Yes, You Can Get Sexually Harassed While Working at Home Too

Creepy requests for one-to-one video calls are only the tip of the iceberg.
Woman working from home at her laptop being sexually harassed
Photo: SOPA Images / Contributor

Friday night drinks used to be the closest coworkers got to muddying the work-life balance, but thanks to COVID, working from home has now granted colleagues unlimited access to each other. For some, this means little more than streams of notifications and having to mute WhatsApp. Others have been left to navigate inappropriate messages, sexual advances and Zoom calls that unwittingly allow colleagues a peek of their bedrooms. 


When IT worker Eva* received an email telling her she’d have to work from home for the foreseeable future, she breathed a sigh of relief. Not only had an already gruelling commute caused a spike in her anxiety, the atmosphere at work had become increasingly tense since she reported an ex-colleague for sexual harassment. Working in a predominantly male environment had become isolating, with many refusing to work with her. 

As she worked from the comfort of her sofa, the weight of being the source of office gossip eased. But it was quickly replaced with a more sinister discomfort when one of her directors started requesting one-to-one video calls. 

“It’s very uncomfortable,” she says. “He asks about my personal life and comments on my appearance, and then brushes it off as just caring about my wellbeing.” 

Although Eva knows the individual meetings with her director are unnecessary and inappropriate, their online setting makes the power dynamic painfully obvious. There’s no way for Eva to decline the calls without jeopardising her precarious position at work, and being confined to her flat makes it impossible to avoid his calls, she told VICE.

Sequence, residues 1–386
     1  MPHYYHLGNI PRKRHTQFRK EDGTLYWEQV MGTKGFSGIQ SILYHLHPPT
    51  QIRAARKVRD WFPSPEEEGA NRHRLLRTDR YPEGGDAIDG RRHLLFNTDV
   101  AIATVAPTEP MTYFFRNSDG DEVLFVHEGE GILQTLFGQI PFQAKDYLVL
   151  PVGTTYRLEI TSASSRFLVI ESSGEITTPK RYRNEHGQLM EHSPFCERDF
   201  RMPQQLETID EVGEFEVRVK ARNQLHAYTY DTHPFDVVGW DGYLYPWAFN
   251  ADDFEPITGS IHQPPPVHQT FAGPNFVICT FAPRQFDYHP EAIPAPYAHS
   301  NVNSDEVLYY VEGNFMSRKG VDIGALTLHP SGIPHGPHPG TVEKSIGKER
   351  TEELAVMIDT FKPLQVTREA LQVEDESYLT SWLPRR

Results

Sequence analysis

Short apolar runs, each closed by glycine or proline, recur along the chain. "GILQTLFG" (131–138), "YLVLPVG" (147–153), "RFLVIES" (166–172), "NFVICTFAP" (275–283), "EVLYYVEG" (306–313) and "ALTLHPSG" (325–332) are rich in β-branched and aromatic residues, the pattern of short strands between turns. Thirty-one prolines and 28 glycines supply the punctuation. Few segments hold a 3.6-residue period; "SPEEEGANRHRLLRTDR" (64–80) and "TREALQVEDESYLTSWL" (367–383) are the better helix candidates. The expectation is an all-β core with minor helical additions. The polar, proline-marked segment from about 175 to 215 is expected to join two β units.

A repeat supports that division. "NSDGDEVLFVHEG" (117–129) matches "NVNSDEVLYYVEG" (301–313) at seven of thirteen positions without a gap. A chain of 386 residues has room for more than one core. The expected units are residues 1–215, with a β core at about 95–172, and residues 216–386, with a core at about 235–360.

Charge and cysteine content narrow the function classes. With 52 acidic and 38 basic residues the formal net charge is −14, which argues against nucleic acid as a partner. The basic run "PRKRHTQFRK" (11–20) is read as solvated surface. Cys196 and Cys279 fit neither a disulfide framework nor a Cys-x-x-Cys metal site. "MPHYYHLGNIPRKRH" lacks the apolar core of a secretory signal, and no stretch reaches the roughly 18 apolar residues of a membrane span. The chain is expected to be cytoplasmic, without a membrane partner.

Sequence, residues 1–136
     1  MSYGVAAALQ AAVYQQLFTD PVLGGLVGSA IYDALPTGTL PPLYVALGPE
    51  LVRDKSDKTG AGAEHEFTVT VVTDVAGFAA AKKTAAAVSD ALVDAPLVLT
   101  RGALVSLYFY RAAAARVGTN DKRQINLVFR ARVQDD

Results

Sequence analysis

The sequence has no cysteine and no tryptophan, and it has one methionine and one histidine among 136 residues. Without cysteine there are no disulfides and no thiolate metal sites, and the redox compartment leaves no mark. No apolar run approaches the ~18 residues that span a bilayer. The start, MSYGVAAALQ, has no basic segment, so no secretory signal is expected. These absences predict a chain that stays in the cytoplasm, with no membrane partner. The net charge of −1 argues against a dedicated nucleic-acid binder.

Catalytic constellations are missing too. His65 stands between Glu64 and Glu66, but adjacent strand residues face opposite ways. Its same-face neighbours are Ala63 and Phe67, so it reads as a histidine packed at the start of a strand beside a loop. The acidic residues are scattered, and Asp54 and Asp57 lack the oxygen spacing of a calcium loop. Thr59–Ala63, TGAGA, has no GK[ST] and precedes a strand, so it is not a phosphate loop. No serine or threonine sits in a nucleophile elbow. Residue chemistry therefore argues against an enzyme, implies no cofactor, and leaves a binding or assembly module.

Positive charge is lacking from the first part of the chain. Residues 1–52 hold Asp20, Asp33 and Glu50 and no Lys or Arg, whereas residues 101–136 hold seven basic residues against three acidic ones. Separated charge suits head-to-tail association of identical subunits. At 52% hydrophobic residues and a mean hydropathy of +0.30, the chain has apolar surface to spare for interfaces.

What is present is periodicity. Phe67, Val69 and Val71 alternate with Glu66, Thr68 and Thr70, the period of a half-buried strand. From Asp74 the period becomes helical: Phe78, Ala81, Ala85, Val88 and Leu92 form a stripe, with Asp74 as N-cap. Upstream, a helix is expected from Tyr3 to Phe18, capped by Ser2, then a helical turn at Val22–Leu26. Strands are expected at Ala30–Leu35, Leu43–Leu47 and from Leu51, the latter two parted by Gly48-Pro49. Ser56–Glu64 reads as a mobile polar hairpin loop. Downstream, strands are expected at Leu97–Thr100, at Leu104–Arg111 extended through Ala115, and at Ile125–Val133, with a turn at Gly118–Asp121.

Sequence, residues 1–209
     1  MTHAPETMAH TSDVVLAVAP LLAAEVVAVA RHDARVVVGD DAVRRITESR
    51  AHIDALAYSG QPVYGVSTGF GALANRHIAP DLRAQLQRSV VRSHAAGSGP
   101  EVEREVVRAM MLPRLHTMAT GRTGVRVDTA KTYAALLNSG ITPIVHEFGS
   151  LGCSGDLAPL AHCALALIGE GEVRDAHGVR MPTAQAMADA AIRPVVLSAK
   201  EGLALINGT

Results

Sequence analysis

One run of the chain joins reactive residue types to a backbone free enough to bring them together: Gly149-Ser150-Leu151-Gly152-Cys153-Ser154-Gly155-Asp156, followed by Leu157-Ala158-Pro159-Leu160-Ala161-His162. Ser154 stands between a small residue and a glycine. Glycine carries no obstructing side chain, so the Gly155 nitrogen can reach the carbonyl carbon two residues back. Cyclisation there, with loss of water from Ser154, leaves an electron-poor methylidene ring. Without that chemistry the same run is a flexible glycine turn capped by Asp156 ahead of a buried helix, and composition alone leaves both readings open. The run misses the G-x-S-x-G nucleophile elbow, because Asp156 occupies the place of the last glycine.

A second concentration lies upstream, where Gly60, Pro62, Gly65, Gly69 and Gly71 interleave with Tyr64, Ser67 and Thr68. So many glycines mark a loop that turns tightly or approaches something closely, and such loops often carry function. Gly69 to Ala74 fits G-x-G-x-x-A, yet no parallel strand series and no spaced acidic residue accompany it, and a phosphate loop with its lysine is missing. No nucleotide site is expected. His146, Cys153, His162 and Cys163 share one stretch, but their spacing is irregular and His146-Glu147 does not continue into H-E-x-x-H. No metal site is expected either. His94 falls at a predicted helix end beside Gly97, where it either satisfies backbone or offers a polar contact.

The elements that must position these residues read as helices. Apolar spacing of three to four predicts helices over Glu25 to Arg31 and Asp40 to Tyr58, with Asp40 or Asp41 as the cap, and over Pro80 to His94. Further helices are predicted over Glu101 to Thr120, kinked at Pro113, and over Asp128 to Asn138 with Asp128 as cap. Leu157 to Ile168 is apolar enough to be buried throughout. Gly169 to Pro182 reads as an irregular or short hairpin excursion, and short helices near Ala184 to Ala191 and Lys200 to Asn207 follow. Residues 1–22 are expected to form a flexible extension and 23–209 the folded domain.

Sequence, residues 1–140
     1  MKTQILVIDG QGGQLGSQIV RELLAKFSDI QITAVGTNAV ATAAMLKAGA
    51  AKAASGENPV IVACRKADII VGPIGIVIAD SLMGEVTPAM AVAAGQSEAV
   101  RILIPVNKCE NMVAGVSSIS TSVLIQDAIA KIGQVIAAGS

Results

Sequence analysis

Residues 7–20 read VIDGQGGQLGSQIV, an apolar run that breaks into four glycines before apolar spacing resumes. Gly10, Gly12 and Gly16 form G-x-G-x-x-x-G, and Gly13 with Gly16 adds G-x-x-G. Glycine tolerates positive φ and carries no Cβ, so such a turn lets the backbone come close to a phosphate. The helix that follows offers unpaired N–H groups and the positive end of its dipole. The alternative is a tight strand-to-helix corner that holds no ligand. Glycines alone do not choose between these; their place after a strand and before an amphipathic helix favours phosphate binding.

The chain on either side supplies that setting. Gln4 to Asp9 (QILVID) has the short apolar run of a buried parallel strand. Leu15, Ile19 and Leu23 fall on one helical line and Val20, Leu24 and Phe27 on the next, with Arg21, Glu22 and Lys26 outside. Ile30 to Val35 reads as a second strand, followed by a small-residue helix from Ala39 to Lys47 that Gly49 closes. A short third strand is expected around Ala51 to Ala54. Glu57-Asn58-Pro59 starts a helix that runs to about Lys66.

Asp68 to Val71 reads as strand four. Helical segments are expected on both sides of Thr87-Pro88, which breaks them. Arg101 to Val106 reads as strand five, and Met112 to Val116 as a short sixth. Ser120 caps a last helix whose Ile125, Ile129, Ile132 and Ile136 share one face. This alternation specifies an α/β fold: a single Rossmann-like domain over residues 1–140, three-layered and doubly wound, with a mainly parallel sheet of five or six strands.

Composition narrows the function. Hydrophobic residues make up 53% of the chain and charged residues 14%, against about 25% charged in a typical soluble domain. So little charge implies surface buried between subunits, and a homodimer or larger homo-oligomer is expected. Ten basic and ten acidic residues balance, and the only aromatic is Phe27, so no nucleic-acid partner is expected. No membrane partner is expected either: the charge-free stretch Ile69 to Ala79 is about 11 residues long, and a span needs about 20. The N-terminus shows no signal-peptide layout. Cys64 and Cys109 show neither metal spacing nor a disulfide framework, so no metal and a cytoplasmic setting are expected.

The only silver lining is the infrequency of the meetings, but even that is counteracted by the constant flirting and unsolicited pictures that Eva receives from another senior staff member, whom she has to work closely with on a daily basis. “He keeps saying I could be in his support bubble and asking to come over as he lives very close by.”


Eva doesn’t think he’ll actually turn up at her flat, but the virtual threat makes her feel like he’s already at her door. The mindless scrolling that once helped her unwind has been hijacked, and every phone notification is now a source of anxiety. Thanks to her new WFH reality, her harassers can invade her personal space and leave her stomach in knots from a distance, leaving Eva feeling powerless in her own home. 

Online abuse disproportionately affects women, and because online usage has doubled since the start of lockdown in the UK, women’s groups are concerned about what this means for victims’ mental wellbeing and safety. 

Lauren Pemberton-Nelson, senior communications coordinator at Glitch, a charity working towards ending online abuse, said the sense of anonymity and physical distance created by online spaces can be a gateway for harassment. 

"With technology and the use of technological means, people may communicate with colleagues digitally in ways that they wouldn't before,” she explains. 

Sophia* experienced this firsthand when an older colleague she’d met only a handful of times punctured an entirely professional conversation with a joke about sexting. “He was able to make me feel that smallness you feel when somebody speaks to you in that way,” she says. “I didn't even reply.”